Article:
The Pippin of the book was immature and a bit silly, and while he was never this dumb, I understand running with him as a bit of comic relief. This portrayal of Merry is nearly as angering as Michael Bolton’s “Dock of the Bay.”  It’s such despicable character assassination that Oliver Stone probably blamed it on a homosexual conspiracy (That’s the real ending of JFK, not kidding). Merry in the book is portrayed as the smartest of the four hobbits, the one who knows The Shire better than the rest. He’s actually very hard on himself, feeling a bit like luggage before helping defeat the Witch-king, and he is fairly sarcastic and quippy. Again, I don’t think it’s Dominic Monaghan’s fault, because he’s probably doing what the writers wanted. I just cannot stand what the writers wanted.

There is a lot to cover in the first half of this movie especially, and I’ve spoken in length about the excised Bombadil chapters here. However, that doesn’t excuse the really bizarre editing style that exists throughout the first half of this film. What’s with all the close-ups, especially on Gandalf?


Look, I still feel that McKellen’s performance is a bit hammy at times when he’s trying to be the powerful wizard, but I’m starting to think the editing is equally to blame.


Things happen really fast in the first half of the movie, even with the extended scenes and the chapters that were cut, and there doesn’t feel like there’s much room to breathe. BOOM. We’re leaving Hobbiton. BOOM we’re outrunning the ring-wraiths out of the Shire. BOOM we’re in Bree. It takes less than 45 minutes to get from Hobbiton to Rivendell, and this is the extended cut!

There are great moments here, sure, like Frodo and Sam seeing the elves passing through the Shire on their way to the Grey Havens…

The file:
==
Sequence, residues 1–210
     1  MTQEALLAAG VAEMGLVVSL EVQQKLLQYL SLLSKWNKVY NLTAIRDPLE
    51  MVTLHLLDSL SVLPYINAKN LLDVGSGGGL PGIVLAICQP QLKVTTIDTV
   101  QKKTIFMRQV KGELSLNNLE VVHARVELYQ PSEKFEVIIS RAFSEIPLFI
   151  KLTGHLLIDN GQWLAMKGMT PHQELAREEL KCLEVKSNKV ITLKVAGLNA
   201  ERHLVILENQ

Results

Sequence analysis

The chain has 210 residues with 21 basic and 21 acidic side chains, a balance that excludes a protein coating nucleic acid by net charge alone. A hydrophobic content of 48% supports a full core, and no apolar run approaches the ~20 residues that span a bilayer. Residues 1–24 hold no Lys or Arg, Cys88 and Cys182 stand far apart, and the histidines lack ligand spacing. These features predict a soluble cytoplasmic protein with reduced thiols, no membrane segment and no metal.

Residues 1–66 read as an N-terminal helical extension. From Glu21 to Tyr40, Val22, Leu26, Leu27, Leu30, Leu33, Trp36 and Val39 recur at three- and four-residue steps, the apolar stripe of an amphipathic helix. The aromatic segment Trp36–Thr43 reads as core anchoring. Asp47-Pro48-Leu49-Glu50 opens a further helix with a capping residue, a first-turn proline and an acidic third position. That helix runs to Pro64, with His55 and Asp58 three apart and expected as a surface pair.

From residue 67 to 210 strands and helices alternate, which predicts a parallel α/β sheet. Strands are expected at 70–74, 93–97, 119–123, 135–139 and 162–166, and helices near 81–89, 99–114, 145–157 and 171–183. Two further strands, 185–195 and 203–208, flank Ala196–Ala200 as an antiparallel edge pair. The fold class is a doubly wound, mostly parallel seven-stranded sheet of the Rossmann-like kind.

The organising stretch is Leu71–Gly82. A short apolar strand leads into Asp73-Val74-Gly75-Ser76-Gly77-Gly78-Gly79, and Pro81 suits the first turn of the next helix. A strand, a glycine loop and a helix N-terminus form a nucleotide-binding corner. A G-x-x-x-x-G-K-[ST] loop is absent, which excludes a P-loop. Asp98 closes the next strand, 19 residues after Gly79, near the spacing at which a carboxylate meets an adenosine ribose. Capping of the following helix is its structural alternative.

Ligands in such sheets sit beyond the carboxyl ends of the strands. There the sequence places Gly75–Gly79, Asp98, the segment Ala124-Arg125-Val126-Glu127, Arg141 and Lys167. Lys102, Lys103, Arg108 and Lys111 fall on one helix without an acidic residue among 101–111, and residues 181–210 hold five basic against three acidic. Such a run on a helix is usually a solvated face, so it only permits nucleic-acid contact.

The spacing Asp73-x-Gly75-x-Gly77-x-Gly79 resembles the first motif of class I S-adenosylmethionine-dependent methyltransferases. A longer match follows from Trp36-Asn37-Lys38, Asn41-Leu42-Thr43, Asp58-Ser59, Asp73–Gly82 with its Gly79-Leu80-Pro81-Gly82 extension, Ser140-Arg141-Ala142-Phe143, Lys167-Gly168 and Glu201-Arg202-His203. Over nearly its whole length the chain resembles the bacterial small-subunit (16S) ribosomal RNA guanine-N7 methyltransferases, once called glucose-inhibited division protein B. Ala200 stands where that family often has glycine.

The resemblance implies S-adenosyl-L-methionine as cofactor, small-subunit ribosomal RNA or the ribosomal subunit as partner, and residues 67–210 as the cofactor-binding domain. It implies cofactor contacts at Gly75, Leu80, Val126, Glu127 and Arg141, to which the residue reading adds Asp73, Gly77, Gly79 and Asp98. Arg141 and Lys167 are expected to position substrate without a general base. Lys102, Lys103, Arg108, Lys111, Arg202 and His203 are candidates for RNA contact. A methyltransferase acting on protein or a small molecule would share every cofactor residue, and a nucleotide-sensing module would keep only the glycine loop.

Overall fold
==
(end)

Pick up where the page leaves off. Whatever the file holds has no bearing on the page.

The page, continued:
Or the first encounter with a ring-wraith…


But atmosphere is often sacrificed for simply getting from Point A to Point B. When the hobbits meet Aragorn (known as Strider then) at the Prancing Pony, there should be some mystery as to whose side he’s on. We get the disorienting feel of Bree just fine, but give us some time to develop the feel more. Also, we get Merry and Pippin getting into more trouble, with Pippin just giving out Frodo’s real name to a random bar patron.

I’ve had issue with Viggo Mortensen’s Aragorn in the past… but I don’t blame the actor as much anymore. Giving him an arc is fine, but giving him the arc of “Should I become king or not?” is kind of silly. We know what he will decide, even if we haven’t read the book, so it’s just being long-winded and makes him look like, after all these years, he still isn’t ready for responsibility. I mean, maybe if they made him an Animal House-type character who just refused to settle down it could work… if it was a screwball comedy. However, he’s just somber all the time, so why does he have such an issue with responsibility? I understand his doubt to lead the Fellowship after Gandalf’s death, and I got that in the book and in Bakshi’s film, but his overall doubt towards responsibility doesn’t really work.


I’ll criticize the performance a bit though, because I don’t believe there’s a kingly man hiding under there. With John Hurt, you could tell he was both able to survive in the wild, but also had an air of dignity and strength about him. With Mortensen, I only see the ranger.

When they get to Weathertop, we get a fairly effective sequence where Frodo is stabbed, even if it doesn’t hurt as much as it did in the Bakshi film.


Isn’t it weird that the stabbing was more effective in the cartoon? However, it’s still an imposing scene and we feel the darkness surrounding Frodo. Wood plays Frodo as a bit helpless throughout, but it’s understandable here. The next few days on the road to Rivendell are handled quickly, with Arwen (Liv Tyler) coming, picking up Frodo, and crossing the river and causing a flood to stop the wraiths.


In this rushed 40-minute sequence, we also see Gandalf visiting Saruman and getting imprisoned in the Tower of Orthanc.


Christopher Lee lends his deep voice and imposing demeanor to Saruman, and it’s one of the best things about the film. Lee actually wanted to play Gandalf (which would also have been great) but he was deemed too old. There’s a small change to Saruman’s character here, in that while the book Saruman really only wanted to have the ring for himself and had no plans to be a servant of Sauron, this one fully aligns with him.

Instead of simply locking Gandalf in prison, Saruman has a wizard’s battle with him, throwing each other across the room. It’s more dramatic, I guess, so I won’t make fun of it too much. It’s just a tad overblown.